“The first regular periodical to be published by the Church was The Evening and Morning Star, but its pages reveal no effort to tell the story of the first vision to its readers. Nor do the pages of the Latter-day Saints Messenger and Advocate, printed in Kirtland, Ohio, from October, 1834, to September, 1836. In this newspaper Oliver Cowdery, who was second only to Joseph Smith in the early organization of the Church, published a series of letters dealing with the origin of the Church. These letters were written with the approval of Joseph Smith, but they contained no mention of any vision prior to those connected with the Book of Mormon.”

“In 1835 the Doctrine and Covenants was printed at Kirtland, Ohio, and its preface declared that it contained “the leading items of religion which we have professed to believe.” Included in the book were the “Lectures on Faith,” a series of seven lectures which had been prepared for the School of the Prophets in Kirtland in 1834-35. It is interesting to note that, in demonstrating the doctrine that the Godhead consists of two separate personages, no mention was made of Joseph Smith having seen them, nor was any reference made to the first vision in any part of the publication.”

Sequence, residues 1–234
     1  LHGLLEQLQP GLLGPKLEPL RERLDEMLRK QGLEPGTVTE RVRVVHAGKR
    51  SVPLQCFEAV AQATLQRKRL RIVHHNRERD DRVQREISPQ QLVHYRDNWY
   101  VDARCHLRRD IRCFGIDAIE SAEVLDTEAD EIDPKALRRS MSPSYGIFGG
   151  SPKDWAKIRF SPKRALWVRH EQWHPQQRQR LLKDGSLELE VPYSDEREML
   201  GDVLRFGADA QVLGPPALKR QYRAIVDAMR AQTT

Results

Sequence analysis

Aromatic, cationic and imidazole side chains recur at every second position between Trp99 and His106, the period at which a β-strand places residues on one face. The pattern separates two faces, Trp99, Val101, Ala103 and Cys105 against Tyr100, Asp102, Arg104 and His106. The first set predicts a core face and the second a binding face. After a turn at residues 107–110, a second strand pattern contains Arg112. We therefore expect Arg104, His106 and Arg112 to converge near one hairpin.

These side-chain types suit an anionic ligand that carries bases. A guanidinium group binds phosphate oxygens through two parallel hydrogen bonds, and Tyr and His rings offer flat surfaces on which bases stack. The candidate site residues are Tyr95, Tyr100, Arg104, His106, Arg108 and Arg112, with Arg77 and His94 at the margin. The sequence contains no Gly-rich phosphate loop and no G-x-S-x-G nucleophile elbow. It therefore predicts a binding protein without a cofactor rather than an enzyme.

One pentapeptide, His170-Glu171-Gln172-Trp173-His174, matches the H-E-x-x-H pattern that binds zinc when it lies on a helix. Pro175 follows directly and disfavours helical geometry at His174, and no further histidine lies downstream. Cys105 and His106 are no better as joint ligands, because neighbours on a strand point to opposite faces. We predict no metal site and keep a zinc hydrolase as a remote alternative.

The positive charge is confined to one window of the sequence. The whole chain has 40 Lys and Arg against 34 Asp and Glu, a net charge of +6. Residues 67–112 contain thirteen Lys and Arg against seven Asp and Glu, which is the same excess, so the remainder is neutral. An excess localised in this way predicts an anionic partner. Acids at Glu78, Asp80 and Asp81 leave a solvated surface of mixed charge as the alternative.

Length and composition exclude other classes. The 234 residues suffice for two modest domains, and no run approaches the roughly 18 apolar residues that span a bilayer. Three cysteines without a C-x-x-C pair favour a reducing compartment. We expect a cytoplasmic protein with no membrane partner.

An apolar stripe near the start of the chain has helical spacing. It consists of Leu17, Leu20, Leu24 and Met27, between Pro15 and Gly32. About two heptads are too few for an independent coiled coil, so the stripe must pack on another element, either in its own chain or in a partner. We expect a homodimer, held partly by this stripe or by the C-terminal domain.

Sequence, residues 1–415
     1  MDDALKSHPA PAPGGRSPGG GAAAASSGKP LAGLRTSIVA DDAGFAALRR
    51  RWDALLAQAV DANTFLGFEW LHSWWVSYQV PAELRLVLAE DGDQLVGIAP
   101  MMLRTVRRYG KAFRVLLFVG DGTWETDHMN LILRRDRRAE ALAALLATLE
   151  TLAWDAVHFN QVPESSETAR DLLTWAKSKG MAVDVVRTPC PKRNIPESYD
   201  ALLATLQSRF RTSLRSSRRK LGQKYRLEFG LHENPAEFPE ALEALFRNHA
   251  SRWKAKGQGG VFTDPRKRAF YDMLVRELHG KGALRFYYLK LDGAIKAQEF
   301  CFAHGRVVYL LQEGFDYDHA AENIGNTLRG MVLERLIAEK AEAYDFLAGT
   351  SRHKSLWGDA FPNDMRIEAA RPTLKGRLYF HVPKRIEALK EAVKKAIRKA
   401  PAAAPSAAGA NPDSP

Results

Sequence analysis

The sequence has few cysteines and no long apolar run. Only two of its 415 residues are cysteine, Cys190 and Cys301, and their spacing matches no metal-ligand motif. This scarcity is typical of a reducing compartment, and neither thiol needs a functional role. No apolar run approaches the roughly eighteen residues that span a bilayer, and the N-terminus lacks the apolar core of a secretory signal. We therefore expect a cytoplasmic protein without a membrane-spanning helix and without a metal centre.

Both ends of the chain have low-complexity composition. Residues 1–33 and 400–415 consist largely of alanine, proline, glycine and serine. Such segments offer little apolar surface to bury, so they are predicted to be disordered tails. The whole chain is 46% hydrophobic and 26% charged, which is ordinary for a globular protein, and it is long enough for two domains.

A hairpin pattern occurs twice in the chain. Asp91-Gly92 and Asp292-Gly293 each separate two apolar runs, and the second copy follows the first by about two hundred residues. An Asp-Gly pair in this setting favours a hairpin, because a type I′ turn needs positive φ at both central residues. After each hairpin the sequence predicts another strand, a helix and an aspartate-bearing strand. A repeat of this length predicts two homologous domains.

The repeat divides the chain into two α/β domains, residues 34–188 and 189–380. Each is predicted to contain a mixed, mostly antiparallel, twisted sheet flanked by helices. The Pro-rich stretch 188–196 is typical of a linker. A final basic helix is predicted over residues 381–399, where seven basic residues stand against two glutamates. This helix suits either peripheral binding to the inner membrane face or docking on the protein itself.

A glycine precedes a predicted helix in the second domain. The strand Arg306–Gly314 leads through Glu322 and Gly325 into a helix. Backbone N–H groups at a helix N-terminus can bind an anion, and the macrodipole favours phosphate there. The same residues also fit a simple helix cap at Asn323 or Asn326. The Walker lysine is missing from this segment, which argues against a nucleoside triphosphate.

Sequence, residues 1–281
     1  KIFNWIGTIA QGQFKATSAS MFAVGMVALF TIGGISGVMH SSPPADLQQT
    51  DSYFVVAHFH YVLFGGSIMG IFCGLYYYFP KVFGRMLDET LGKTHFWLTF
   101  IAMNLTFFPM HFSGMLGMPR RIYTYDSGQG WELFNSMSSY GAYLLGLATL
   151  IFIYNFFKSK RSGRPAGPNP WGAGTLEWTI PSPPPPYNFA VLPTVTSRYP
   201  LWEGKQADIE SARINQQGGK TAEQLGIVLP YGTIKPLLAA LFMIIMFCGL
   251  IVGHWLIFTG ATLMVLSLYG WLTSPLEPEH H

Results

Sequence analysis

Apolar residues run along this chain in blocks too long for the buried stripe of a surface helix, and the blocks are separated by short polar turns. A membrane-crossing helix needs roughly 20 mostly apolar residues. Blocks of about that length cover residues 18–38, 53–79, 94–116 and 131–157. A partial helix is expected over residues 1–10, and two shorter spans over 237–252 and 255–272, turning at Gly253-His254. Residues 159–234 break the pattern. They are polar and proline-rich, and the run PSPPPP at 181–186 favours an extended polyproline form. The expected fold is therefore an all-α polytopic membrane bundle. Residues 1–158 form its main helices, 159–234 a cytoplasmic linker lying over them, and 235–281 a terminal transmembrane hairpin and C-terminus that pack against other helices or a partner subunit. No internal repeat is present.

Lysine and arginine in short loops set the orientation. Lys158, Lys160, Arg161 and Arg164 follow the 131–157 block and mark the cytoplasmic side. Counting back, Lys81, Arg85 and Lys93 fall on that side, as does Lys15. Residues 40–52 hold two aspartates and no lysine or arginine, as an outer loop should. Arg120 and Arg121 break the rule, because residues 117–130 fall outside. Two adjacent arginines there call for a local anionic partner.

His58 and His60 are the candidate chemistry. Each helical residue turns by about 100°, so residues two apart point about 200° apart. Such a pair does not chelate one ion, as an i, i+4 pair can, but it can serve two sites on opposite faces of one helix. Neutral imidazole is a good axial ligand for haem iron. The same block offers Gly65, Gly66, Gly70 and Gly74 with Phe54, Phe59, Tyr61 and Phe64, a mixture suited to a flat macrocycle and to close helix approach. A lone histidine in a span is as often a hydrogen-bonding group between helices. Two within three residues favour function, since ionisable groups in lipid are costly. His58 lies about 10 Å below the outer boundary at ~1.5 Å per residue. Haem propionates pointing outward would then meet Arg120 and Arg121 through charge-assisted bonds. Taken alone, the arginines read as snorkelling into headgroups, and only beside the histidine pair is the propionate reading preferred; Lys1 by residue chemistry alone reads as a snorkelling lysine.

“The first important missionary pamphlet of the Church was the Voice of Warning, published in 1837 by Parley P. Pratt. The book contains long sections on items important to missionaries of the 1830’s, such as fulfillment of prophecy, the Book of Mormon, external evidence of the book’s authenticity, the resurrection, and the nature of revelation, but nothing, again, on the first vision.”

“The Times and Seasons began publication in 1839, but, as indicated above, the story of the vision was not told in its pages until 1842. From all this it would appear that the general church membership did not receive information about the first vision until the 1840’s and that the story certainly did not hold the prominent place in Mormon thought that it does today.”